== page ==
Hi everybody! I’ve been very busy the last few weeks, so this update is very late. Many people are asking me about how the development of The Hum is going, and many people are interested on knowing more details about Unreal Engine 4, about development techniques I use for AI, for procedural generation of levels, materials, etc.
That’s why I wanted to start writing some articles/posts about that, and I will do it as long I have the time to do so =P.
I will start talking a little about Unreal Engine 4 and the typical things of it’s process.
Unreal Engine 4 as Engine, my experiences in these months
I will not talk in depth about UE4, but just tell you a little about my experience in developing of The Hum with it.
Basically, UE4 is great for visuals. The light rendering is great, at least for indoors. For outdoors, you will need to tweak some things, and find a way to display good godlights (because you still need to use meshes for that).
There are a lot of options and features you will need to learn about before achieving something great, but by default the effects are very good. UE4 contains a lot of options for lightning, a lot of work behind materials, a lot of work with reflections, post-processing, etc. With “a lot”, I don’t want to mean that this a messy pipeline , quite the contrary, I found that UE4 has a very good workflow with art assets. What I’m trying to say, it’s that it’s not magic, you need to know how everything works.
And, of course the engine is not everything. You always will need a great team of artists working on the visuals. But the engine allows your team to achieve really, really great stuff.
There is, still, many things that I miss from Unity3D, like camera render depth or more file format support. But everything is doable with some workarounds or custom plugins / work.
UE4 uses C++ on the programming end. It can be great for some people and a torture for most of the mortals who come in with some higher level languages. The good side is that C++ is , of course, a great language, very powerful. The bad side is that it’s a very ugly one, at least for me. It’s very understandable, of course, and things like pain with pointers are not a problem if you have a good background, but still, things like declaring headers, long and very ugly sentences/syntax, long compile times and many other “details” play against what indies want: a fast workflow and fast solutions for your project.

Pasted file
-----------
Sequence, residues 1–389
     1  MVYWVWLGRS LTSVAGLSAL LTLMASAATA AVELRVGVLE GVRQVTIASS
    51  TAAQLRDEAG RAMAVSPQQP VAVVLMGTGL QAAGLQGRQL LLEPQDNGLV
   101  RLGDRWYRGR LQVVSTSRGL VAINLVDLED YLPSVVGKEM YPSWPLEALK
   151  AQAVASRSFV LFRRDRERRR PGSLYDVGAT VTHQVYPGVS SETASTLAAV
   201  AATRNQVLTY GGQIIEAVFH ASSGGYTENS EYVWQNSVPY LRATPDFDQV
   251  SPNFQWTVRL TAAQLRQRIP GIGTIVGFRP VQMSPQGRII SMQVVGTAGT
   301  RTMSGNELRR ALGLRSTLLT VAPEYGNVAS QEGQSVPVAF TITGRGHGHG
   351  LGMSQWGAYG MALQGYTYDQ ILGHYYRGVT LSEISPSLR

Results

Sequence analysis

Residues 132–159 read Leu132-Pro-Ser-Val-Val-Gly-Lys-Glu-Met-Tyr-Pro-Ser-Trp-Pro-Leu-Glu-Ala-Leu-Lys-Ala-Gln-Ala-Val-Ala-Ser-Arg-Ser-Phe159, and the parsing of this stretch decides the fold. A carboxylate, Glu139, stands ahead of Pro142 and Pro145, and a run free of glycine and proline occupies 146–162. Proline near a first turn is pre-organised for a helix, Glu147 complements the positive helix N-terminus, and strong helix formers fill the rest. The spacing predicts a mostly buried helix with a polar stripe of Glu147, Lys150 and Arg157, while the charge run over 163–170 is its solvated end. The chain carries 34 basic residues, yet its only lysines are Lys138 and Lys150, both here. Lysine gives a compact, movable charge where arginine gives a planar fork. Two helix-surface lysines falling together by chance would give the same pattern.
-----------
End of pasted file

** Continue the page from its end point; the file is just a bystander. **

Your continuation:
We are using C++ for some things like plugins for rendering, editor extensions, Blueprint extensions, or complex data types / processing logic that are not very reacheable from blueprints.
Blueprints are many things. You can think them as “prefabs” from Unity in some aspects, as containers of elements, as independent modules of logic and, of course, as a visual programming solution. A very good one. To be honest, I was never before faced with a visual solution that I liked, but I learned to love UE4 blueprints.
Blueprints are very simple to understand, even for non-programmers. In fact, they are very utilized by artists and level designers. But even as a programmer, they are just great! You can prototype and make high level logic for elements very, very fast. You can make editor tools too, using “Construction Script” blueprints.
In The Hum, we are using Blueprints for A LOT of things. Almost every element, item or interactive object works with a blueprint behind. Most of the player logic is made with blueprints. The ambientation elements like sky, weather, event distpatchers, visual effects handlers and many other things are blueprints working as a huge system. Many parts of AI are blueprints (the most complex is still C++), the animations are handled by animation blueprints, and so on.
We use blueprints for procedural generations and level generation too. For example, the buildings, the walls, the roads, the debrises and some props, are being made with construction scripts’s blueprints inside the editor and tuned up until they seem cool for us.
And, if the base blueprints aren’t good enough for something we want to do, then we just extend them with C++. It’s magic!
For interfaces, at the moment, we are making tests with Corehent UI, which looks pretty good, But I will make updates about this in the future.
Consoles and VR
At the moment, we still didn’t test on consoles. We are aiming to PS4 in the next weeks after Gamescom, but there is still too much work to do before trying a build there.
For VR, we were using a log of Oculus Rift Dev Kit 1, and we are very, very hyped about DK2, which is being shipped in the next months. Using Oculus in UE4 is not hard at all. You don’t have a custom package like you do in Unity3D, and that should be improved, but the device still works very well. There are some ugly and annoying bugs with it, but… I cannot complain about it, we are talking about a DevKit VR and a young engine as UE4.
Do you want videos?
I liked a lot of videos sharing the development process using UE4 of projects like Solus, with their Solus on UE4 videos. I was thinking on doing something similar to that every so often, so you can not only see the details of development but know more about The Hum too. What do you think?